Training Session for Farmers on Beet Army Worm

Photo: Rudranath Fraser Senior Plant Health and Food Safety Officer at the Rural Agricultural Development Authority (RADA), Francine Webb (right), addresses farmers at a training session on the Beet Army Worm with farmers from St. Elizabeth and Manchester on October 23 at New Forest/Duff House in Manchester.

Story Highlights

  • The Rural Agricultural Development Authority (RADA) held a training session for farmers in Manchester and St. Elizabeth on October 23, to remind them of the best practices to prevent the resurgence of the Beet Army Worm (BAW).
  • “We are encouraging farmers to speak with local RADA representatives, so that you can be guided on the appropriate and effective substances to use. We are also encouraging farmers to attend the training session,” Mr. Spence said.
  • Mr. McDonald is encouraging the farmers to follow the instructions, because it will help them financially. “I have been delivering to Grace, and they never reject my crops, because when you monitor your field you get good results,” he said.

The Rural Agricultural Development Authority (RADA) held a training session for farmers in Manchester and St. Elizabeth on October 23, to remind them of the best practices to prevent the resurgence of the Beet Army Worm (BAW).

The session was held at the New Forest/Duff House location on the border of both parishes, where the pest has impacted some crops, particularly scallion.

Members of the technical staff in the Ministry of Industry, Commerce, Agriculture and Fisheries made presentations and discussed the integrated pest management system that is designed to detect early signs of the BAW.

Chief Technical Director in the Ministry, Dermon Spence, said the session also demonstrated to the farmers the Ministry’s commitment to agriculture and to them.

“The Ministry is here to encourage you the farmers. We are investing in the process because we want growth in agriculture. Let us not allow this thing to get out of hand. The technical team will be monitoring the situation to ensure that there are no unusual occurrences of the pest,” Mr. Spence told the farmers.

He is encouraging the farmers to reach out to the Ministry if they see any unfamiliar signs on plants or in the fields.

“We are encouraging farmers to speak with local RADA representatives, so that you can be guided on the appropriate and effective substances to use. We are also encouraging farmers to attend the training session,” Mr. Spence said.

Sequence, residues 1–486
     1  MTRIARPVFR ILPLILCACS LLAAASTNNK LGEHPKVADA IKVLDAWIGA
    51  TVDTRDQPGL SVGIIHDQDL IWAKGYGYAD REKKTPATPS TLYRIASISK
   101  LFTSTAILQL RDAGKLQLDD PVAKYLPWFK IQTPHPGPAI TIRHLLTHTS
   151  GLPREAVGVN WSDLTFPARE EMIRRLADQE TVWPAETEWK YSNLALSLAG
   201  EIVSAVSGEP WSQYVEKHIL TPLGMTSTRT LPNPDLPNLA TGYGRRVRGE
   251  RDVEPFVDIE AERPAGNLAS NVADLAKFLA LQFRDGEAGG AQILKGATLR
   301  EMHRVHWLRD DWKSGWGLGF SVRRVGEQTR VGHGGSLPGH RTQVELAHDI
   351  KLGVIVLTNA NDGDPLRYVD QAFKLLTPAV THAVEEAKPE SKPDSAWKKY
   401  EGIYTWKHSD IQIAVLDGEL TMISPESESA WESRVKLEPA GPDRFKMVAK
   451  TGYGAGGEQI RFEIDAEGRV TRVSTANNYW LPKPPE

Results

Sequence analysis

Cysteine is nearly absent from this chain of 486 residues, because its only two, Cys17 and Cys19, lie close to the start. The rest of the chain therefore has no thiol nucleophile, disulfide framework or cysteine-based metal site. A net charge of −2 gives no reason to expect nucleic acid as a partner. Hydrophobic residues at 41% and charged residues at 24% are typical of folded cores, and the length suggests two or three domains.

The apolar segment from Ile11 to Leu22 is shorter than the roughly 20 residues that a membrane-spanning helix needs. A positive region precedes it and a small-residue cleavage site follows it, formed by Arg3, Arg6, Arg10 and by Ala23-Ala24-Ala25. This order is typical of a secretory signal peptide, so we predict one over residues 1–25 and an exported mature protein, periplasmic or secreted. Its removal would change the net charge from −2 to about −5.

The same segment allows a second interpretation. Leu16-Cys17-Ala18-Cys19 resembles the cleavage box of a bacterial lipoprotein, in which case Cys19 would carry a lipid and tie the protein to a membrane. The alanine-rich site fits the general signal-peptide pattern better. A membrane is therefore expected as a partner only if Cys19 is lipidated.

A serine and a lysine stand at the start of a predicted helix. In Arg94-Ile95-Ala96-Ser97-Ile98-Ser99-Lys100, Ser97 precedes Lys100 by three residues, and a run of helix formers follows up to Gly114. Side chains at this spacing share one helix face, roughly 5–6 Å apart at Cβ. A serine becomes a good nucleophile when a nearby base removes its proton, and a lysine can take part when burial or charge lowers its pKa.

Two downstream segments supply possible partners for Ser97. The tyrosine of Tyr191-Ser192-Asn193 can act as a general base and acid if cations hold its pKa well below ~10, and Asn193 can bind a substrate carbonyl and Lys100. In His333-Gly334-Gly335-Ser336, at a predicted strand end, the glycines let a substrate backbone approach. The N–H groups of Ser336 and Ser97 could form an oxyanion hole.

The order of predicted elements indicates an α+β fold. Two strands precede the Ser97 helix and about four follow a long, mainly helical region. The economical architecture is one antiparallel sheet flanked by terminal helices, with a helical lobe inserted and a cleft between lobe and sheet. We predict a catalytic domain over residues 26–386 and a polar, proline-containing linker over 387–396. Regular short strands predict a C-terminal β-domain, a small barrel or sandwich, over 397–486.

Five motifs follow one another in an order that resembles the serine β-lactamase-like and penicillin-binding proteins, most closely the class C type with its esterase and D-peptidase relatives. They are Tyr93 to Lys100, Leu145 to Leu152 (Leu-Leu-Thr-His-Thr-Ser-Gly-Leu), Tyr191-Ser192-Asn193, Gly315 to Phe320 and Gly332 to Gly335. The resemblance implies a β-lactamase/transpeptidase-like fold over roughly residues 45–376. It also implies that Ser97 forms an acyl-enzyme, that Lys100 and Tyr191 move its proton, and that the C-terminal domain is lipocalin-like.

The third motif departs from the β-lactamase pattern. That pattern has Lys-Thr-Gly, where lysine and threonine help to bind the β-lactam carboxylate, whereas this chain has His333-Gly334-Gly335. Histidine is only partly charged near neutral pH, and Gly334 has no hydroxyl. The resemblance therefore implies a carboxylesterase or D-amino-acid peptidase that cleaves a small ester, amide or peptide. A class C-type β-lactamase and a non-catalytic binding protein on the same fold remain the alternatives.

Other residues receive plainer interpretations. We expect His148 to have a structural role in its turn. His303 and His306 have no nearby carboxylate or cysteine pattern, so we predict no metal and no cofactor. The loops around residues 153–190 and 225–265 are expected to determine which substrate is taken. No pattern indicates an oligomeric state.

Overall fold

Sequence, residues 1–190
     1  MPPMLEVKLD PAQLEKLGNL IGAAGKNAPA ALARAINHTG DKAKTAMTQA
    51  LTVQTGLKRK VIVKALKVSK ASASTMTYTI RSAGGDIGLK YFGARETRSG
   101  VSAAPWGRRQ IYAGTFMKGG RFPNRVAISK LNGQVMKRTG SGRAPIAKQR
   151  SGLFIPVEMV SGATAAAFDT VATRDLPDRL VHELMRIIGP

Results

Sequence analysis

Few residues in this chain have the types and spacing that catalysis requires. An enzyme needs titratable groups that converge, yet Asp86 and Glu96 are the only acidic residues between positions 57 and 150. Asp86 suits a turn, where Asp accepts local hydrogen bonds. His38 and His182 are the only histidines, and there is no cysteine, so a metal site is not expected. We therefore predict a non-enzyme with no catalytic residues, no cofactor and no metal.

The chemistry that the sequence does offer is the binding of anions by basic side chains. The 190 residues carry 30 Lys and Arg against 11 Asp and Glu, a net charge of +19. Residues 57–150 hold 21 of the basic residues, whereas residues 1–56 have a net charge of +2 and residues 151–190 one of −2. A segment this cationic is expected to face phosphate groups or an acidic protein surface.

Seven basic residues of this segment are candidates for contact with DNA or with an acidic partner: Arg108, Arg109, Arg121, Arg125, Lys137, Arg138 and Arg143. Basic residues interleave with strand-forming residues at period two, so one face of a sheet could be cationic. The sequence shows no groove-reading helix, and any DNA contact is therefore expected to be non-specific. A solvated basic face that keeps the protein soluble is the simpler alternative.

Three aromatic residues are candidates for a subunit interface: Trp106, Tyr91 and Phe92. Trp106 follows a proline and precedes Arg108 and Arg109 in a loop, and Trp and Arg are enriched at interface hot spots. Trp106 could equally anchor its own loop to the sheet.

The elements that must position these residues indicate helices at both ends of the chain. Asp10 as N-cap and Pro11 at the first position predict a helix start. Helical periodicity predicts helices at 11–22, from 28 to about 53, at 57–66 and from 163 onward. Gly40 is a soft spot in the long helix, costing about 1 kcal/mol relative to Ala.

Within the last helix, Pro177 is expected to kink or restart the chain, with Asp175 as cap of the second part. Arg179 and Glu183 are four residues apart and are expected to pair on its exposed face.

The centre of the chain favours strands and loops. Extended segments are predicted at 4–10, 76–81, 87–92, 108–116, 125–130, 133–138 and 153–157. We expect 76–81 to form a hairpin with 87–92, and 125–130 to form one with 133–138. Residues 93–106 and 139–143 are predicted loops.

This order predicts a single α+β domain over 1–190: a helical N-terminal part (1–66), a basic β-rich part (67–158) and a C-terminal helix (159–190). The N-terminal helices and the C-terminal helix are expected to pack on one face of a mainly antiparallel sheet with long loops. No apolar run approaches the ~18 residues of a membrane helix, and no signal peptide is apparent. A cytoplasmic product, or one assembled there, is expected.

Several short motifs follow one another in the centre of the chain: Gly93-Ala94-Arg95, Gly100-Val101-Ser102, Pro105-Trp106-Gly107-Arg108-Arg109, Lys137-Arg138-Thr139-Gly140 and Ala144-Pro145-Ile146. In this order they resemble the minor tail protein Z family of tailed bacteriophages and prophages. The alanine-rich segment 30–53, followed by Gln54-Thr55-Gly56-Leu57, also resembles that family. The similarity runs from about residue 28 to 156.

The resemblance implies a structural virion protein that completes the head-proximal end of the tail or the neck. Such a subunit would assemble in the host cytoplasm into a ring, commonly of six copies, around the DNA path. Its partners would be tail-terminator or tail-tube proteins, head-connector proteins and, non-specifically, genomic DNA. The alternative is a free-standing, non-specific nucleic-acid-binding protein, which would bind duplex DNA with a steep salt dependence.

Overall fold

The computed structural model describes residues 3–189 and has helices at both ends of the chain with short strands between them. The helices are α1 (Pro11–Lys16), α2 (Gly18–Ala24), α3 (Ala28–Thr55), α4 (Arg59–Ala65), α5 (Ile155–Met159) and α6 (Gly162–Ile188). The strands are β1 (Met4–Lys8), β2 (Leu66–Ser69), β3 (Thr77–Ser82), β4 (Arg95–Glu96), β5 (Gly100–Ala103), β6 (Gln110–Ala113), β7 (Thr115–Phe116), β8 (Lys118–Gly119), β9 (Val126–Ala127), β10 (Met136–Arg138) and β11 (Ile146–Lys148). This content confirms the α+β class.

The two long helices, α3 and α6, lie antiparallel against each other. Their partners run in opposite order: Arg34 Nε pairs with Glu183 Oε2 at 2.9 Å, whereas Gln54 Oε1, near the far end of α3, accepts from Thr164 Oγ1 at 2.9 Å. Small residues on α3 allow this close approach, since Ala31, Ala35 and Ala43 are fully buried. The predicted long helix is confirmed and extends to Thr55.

He pointed out that poor management of the fields can lead to an increase in the pest, which will lead to a shortage of scallion and a hike in prices. However, he said at this time, there should be no shortage of the product.

“We do not want farmers in the area and the consumers to believe that the matter is out of control. The Ministry is here to ensure that, from the get-go, we are enforcing the best practices, so we are asking them not to neglect the fields,” he emphasised.

For his part, farmer from the New Forest Agro Park area, Henry McDonald, said he is thankful for the involvement and training he has been receiving from RADA.

He said the training sessions have taught him the best practices of farming and he has been seeing the benefits in the yield from his fields.

“I really get a lot of instructions from the Field Officer about how to monitor my garden, and it is serving me well financially,” Mr. McDonald shared.

“I always make sure that, two or three times a week, I scout my garden to check if there are any army worms around or if there are eggs on the plant, and to make sure that I spray when it is necessary,” he said.

Mr. McDonald is encouraging the farmers to follow the instructions, because it will help them financially. “I have been delivering to Grace, and they never reject my crops, because when you monitor your field you get good results,” he said.

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